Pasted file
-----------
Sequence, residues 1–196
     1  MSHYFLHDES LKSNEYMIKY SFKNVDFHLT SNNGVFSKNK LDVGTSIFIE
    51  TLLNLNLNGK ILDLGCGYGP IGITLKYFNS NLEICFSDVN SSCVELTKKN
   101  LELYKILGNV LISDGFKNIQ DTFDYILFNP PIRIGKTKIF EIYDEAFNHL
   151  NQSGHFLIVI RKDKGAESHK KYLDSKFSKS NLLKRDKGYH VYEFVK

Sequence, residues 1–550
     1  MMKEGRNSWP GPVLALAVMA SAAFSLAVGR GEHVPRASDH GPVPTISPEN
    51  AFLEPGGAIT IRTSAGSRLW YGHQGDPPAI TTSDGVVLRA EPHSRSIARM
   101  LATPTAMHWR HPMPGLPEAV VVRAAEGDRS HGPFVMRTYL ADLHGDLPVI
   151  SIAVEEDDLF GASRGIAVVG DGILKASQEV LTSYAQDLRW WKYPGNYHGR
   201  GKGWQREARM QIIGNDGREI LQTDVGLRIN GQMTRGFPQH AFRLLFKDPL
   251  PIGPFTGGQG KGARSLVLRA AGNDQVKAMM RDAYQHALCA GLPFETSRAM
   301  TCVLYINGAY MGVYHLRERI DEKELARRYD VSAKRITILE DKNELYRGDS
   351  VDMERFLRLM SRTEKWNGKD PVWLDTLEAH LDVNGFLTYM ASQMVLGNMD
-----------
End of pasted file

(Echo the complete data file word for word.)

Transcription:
Sequence, residues 1–196
     1  MSHYFLHDES LKSNEYMIKY SFKNVDFHLT SNNGVFSKNK LDVGTSIFIE
    51  TLLNLNLNGK ILDLGCGYGP IGITLKYFNS NLEICFSDVN SSCVELTKKN
   101  LELYKILGNV LISDGFKNIQ DTFDYILFNP PIRIGKTKIF EIYDEAFNHL
   151  NQSGHFLIVI RKDKGAESHK KYLDSKFSKS NLLKRDKGYH VYEFVK

Sequence, residues 1–550
     1  MMKEGRNSWP GPVLALAVMA SAAFSLAVGR GEHVPRASDH GPVPTISPEN
    51  AFLEPGGAIT IRTSAGSRLW YGHQGDPPAI TTSDGVVLRA EPHSRSIARM
   101  LATPTAMHWR HPMPGLPEAV VVRAAEGDRS HGPFVMRTYL ADLHGDLPVI
   151  SIAVEEDDLF GASRGIAVVG DGILKASQEV LTSYAQDLRW WKYPGNYHGR
   201  GKGWQREARM QIIGNDGREI LQTDVGLRIN GQMTRGFPQH AFRLLFKDPL
   251  PIGPFTGGQG KGARSLVLRA AGNDQVKAMM RDAYQHALCA GLPFETSRAM
   301  TCVLYINGAY MGVYHLRERI DEKELARRYD VSAKRITILE DKNELYRGDS
   351  VDMERFLRLM SRTEKWNGKD PVWLDTLEAH LDVNGFLTYM ASQMVLGNMD